Federal and state laws along with professional ethical standards prohibit the disclosure of any information you provide us unless we have your prior written consent. Thus, if a HWS official or your parents or anyone else should inquire about your receiving services here, we would not be able to disclose any information about you (including whether or not you have used the Counseling Center) without your written permission. Even so, there are a few exceptions to the confidentiality laws and standards, as follows:
- If your counselor believes that you or someone else is in clear and imminent danger of harm, your counselor is legally obligated to inform proper authorities and others in order to help prevent the harm from occurring; in such cases your counselor may also decide that it is in your best interest to contact your family and HWS officials.
- The Counseling Center is required under the NY State Safe Act to report any students who we believe present a credible danger to other(s) to the Office of Mental Health for the purpose of removing firearms from those with significant mental health concerns.
- When using HWS on-call services the crisis manager may consult with other campus officials as is deemed necessary.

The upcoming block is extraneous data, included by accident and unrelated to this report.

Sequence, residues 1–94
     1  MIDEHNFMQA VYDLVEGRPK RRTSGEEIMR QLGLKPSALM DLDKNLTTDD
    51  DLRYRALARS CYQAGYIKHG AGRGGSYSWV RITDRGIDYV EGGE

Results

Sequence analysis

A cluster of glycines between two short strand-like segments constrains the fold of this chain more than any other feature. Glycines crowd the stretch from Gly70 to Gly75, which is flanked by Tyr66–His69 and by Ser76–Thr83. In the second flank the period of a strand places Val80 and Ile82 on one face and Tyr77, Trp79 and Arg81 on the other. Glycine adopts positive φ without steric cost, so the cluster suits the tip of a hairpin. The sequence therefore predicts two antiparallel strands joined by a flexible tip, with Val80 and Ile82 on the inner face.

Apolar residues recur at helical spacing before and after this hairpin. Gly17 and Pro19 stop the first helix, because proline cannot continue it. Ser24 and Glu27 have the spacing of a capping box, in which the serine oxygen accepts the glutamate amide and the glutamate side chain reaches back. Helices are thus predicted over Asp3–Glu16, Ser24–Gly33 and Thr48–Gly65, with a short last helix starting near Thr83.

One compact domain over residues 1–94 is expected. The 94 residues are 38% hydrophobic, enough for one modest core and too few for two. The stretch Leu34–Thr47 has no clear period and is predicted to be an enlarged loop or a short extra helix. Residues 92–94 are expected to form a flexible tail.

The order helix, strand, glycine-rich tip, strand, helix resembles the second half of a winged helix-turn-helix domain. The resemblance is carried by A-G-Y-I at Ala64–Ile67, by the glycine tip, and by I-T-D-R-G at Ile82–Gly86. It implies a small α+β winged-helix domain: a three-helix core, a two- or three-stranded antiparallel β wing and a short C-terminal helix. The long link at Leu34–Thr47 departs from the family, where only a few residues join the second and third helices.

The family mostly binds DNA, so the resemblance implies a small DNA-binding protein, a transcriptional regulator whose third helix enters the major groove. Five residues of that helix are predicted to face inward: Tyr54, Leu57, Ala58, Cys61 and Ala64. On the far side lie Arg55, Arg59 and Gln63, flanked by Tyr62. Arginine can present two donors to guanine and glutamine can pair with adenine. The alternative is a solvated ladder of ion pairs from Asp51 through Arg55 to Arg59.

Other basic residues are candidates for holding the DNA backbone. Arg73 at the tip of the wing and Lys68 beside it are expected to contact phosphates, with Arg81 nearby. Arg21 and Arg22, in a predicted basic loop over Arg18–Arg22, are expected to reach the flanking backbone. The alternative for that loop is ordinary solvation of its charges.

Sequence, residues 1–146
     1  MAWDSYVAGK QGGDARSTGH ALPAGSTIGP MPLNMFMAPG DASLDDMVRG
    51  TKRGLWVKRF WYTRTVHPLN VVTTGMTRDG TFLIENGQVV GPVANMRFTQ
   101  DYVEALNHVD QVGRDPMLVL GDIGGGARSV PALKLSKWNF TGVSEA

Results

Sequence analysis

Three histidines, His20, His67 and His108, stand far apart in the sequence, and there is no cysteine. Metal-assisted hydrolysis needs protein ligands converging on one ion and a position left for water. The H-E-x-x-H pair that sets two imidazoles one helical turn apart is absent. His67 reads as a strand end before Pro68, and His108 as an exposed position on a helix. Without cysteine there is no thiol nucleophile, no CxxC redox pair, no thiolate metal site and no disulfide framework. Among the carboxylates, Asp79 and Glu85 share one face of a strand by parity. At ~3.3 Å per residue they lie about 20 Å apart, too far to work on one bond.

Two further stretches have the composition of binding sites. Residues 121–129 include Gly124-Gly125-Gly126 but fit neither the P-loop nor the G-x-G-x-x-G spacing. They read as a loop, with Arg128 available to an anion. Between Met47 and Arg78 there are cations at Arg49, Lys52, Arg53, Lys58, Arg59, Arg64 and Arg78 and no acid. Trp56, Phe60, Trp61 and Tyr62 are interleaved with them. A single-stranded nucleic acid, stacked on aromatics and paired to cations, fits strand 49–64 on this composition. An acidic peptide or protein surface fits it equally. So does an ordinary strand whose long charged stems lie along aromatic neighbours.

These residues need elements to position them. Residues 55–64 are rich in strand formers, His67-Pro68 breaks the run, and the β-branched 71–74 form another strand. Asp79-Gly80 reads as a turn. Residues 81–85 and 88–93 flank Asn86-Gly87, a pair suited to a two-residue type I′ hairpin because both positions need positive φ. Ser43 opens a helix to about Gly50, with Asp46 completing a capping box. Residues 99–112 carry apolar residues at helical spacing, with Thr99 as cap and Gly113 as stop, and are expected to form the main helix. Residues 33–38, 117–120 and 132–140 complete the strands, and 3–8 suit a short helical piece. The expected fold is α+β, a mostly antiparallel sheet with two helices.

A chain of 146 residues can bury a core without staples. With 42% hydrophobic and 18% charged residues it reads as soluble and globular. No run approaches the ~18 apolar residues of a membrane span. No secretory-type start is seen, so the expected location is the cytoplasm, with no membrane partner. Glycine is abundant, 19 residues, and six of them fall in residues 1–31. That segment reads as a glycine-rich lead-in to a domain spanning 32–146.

- If you provide information indicating that someone under 18-years-old, or living in a nursing home, or living in residential health care facility is being abused, your counselor is legally required to notify authorities even if you don't want to grant this permission.
- In rare cases a court of law may order your counselor to disclose information about you.
- If you are under 18-years-old, your parents or legal guardian may have access to your treatment records, and in most cases your parents must sign the consent to treatment form on your behalf. There are exceptions to this policy allowed by NY State law when there are sufficient reasons that seeking parental consent would be damaging to you and your mental health.
It is possible that at some point in the future you will be required by an outside agency to sign a release allowing the agency to review your treatment records. This may occur, for example, if you apply for health or life insurance, if you apply for licensure or certification in some professions or if you apply for employment in agencies that require a security clearance.